Security is just one step in your records management plan, but it might be one of the most important. Implementing the proper security measures to make sure that your critical records are not vulnerable to a breach should be one of the top priorities of any employee in charge of your secure records management plan.
If just one aspect of your security measures breaks down, you’re exposing your company to the risk of a data breach. In turn, this could result in large fines, a damaged reputation, and cause your business to go under.
Weighing the Risks and Best Approach for Each Type of Record
When you have thousands of records, files, and documents in one place, implementing security measures might become a nightmare. To help separate and classify the different record types, one strategy is to evaluate their levels of risk.
Operational risk: If these records are compromised, will your company be unable to meet operational goals and objectives?
Financial risk: Does the loss or theft of these records affect the ability to protect and document financial decisions or expenditures?
Reputational or image risk: If these records were released to the public, would it cause the company to lose its status as a reliable, effective, and accountable company?
Physical or security risk: Do these records contain sensitive information that if in the wrong hands, could cause loss or damage to employees, the company, or any physical building or office?
By assigning different levels of security, you will be able to quickly figure out how to classify each record to determine if it needs to be stored on-site, archived off-site, or securely destroyed. Then, you can take different steps to secure the records you choose to store on-site.
Steps Your Company Can Take For A Secure Records Management Plan
Lock Everything Down
If you need to ensure that some records remain secure, you should lock the drawers, the cabinet, and the room. Not only are they a deterrent for an employee with prying eyes, but they can also extend the time it might take to break into the cabinet to take or copy files.
The more hassle you put in front of a potential thief, the more likely they are to move on to an easier-to-obtain target. But, remember that anyone who might want to obtain those records probably can. That’s why you should take additional measures to ensure that your files are secure.
Install Fire and Security Alarms
Fire and security alarms are vital to ensure that you can minimize the risk of a fire consuming all your records. Additionally, they reduce the chance of someone infiltrating your records room to obtain company secrets.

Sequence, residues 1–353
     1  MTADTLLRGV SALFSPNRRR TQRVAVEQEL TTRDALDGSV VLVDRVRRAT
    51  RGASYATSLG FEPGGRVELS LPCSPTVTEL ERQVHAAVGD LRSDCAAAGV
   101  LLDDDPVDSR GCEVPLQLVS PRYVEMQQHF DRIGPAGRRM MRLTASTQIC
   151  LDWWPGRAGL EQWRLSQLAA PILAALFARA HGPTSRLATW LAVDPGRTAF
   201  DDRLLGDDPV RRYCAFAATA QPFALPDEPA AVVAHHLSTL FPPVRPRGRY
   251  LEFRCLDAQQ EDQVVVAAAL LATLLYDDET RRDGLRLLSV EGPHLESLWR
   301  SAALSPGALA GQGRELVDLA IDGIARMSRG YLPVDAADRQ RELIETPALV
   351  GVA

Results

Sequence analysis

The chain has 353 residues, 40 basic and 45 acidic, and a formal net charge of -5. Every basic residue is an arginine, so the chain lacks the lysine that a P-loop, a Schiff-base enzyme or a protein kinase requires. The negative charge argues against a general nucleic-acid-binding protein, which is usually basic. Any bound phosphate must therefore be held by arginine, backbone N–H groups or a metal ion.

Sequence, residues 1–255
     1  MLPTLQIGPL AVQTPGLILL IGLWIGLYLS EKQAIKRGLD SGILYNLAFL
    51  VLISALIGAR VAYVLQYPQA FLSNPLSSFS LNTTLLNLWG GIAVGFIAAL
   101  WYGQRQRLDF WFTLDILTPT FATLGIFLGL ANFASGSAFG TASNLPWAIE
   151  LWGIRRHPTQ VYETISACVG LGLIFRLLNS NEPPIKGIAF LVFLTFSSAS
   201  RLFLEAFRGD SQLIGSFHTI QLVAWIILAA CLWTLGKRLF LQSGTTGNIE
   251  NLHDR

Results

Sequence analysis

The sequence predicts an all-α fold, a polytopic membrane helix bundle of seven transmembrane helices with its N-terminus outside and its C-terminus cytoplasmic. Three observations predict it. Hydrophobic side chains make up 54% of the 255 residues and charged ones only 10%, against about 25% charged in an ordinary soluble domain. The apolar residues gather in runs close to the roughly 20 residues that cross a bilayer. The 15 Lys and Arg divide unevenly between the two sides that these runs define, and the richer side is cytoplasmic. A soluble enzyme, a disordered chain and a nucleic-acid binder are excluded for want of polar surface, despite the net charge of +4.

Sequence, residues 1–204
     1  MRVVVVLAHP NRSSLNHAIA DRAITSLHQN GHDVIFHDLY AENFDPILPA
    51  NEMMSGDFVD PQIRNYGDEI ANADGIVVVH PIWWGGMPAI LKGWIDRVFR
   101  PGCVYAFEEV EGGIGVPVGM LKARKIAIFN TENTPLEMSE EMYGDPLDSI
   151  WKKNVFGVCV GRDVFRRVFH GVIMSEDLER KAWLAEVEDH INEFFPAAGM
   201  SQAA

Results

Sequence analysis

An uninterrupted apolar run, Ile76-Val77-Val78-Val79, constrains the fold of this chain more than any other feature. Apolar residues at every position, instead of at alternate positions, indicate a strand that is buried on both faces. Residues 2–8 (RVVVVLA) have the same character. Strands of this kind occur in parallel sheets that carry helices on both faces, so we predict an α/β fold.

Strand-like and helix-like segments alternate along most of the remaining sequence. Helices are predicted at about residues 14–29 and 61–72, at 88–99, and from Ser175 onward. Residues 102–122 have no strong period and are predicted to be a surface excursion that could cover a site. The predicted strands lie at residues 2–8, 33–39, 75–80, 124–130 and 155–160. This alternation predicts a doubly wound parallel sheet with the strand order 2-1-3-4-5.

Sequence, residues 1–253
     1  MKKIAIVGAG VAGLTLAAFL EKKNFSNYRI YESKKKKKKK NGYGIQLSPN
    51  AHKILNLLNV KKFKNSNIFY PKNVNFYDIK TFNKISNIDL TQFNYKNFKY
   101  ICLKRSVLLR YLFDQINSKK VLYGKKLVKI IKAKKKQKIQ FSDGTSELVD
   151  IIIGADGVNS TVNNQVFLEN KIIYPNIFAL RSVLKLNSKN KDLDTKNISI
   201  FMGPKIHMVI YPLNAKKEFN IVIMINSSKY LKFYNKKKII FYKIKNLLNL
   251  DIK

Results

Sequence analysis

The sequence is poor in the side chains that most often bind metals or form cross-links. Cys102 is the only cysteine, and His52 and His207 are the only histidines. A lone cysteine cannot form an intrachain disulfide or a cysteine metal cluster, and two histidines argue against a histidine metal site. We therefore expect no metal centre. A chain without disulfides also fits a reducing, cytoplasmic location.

If you’ve set up a records management program, you probably have a proper backup system in place. However, it’s never too late to implement a way to protect your records in case of a fire, theft, or any other natural disaster.
Limit Access to Your Critical Records
How many employees have access to all of your company records? Limiting who can access, re-file, and copy company records helps eliminate human error. This includes accidentally losing records, taking records offsite, having extra copies of critical files around the office, or even corporate espionage.
Make sure that employees who have the clearance level handle and dispose of all your records properly. The smaller that number is the better. Document management systems and cloud storage services allow you to set access controls for your digital files as well.
Label All Records, Files, and Cabinets Appropriately
Misfiled or misplaced documents cost your company money. Whether you have to search for it or reproduce it, you have to factor in the cost of the time it takes to find or reproduce that file, along with the additional chance that information may be compromised.
Make sure that you label all records, folders, drawers, and file cabinets clearly and properly. With a consistent labeling system, a record will more likely find its way back to the proper place. In addition, you reduce the chance of losing a record that could cost you everything.
Conduct Regular Audits
Once you have a records management system in place, you need to maintain the system.
Schedule regular audits of your critical records. They will help you maintain version control and reduce the chance of a data breach. You have a better chance of discovering when something valuable is missing.
Destroy Your Records Securely—and Document When You Do
Once you have determined how you’re going to manage your records, you need to make sure to adhere to your document retention plan. Moreover, you need to take the time to properly and securely destroy your records as they pass their required retention time.
Destroying (and properly documenting) all your documents helps to reduce legal liability, reduce the number of records you store onsite, and protect your critical documents from getting into the wrong hands.
If You Need Secure Records Management, Let Our Experts Help
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